An invisible expanding keyboard in space. It sounds more like something you’re more likely to find in an episode of Star Trek than in a school music room, but the Soundbeam keyboard is quite a fixture at Alexander Ferguson Elementary School.
Soundbeam is a technology that was developed in the UK and is primarily used there for special needs education. The Soundbeam keyboard is made up of a series of invisible beams that grow in width the further out they get from the source; students move in and out of the beams to trigger different sounds and images and create full compositions. The Soundbeam keyboard is also accompanied by a series of switches that add effects or filters to the sound produced by the beams. Alexander Ferguson currently has four beams and eight switches and they are still learning how best to use them.
“It’s got a lot of potential,” says Assistant Principal Dan Dornan. “We’re still discovering what it can do.”
Dan found out about Soundbeam after talking to a company representative at a teacher’s convention. He followed up with the rep and paid a visit to Christine Meikle School, which uses Soundbeam for students with special needs. There Soundbeam is used because it gives students with a limited range of motor skills the chance to experience music; even the smallest movement creates beautiful sounds.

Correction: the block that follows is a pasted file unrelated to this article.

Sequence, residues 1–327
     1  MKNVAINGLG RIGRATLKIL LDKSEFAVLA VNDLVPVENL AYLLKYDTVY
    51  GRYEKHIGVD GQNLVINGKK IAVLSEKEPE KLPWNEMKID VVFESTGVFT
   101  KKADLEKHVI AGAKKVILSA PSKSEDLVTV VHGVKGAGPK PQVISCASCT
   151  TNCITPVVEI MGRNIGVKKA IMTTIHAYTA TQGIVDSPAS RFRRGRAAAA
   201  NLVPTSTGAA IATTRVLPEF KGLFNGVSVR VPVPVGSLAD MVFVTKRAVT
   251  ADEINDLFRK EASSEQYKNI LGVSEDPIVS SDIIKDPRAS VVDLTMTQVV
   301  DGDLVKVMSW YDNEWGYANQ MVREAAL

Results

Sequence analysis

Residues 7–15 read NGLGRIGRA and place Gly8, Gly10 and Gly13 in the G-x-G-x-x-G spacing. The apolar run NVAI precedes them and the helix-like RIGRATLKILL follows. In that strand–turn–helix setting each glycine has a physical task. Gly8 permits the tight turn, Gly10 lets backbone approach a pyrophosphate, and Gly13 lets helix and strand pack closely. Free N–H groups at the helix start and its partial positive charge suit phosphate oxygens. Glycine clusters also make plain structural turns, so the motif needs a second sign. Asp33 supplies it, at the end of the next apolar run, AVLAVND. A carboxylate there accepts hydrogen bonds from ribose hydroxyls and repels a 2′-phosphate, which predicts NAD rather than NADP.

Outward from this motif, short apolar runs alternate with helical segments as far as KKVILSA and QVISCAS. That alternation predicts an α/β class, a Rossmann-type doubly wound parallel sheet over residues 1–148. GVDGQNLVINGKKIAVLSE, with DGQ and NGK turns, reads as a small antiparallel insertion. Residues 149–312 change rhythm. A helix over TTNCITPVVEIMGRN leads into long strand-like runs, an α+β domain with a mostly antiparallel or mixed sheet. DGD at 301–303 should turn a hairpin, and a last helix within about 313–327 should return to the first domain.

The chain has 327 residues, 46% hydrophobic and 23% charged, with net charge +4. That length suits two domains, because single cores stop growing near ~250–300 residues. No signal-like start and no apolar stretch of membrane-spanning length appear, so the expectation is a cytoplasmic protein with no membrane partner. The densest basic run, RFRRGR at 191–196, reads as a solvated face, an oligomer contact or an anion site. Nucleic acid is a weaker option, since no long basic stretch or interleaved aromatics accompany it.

Alexander Ferguson isn’t a special needs school; it’s an art focused school. Still, Dan says that Soundbeam has a similar advantage in a general education context, because it gives students without strong musical gifts a chance to express themselves creatively.
“It’s quite magical; you just set it up and people want to move into it,” he says. “There’s a bit of a stigma about dance and movement. People think ‘I could never do that,’ but the sounds you can make are so interesting that it frees people of their inhibitions and stimulates creative movement and thinking.”
Creative thinking is key with Soundbeam. Students can work together to create whole soundscapes. In a forest scene, for example, students have a bank of sounds that they can create and choose from. Lighter sounds would represent a squirrel, whereas deeper sounds could be used to create images of a bear. And to complement those sounds, images of forests would appear projected from the Soundbeam setup, changing and blurring as the music flows.
“At the beginning we had one kid go in at a time to understand their movements,” Dan says “but now the older students can work as a team. They have to be attentive to the group as a whole, so they can see what they can do to complement the process.”
Students then reflect back on soundscapes they’ve made as a group and create artwork, poetry and stories inspired by their compositions. Local artists have even volunteered their time to come in and help the students refine their techniques. The artwork the students create can then be added to the Soundbeam picture bank and be used in future compositions. The Soundbeam process comes full circle and the result is wonderful teamwork and a unique approach to literacy.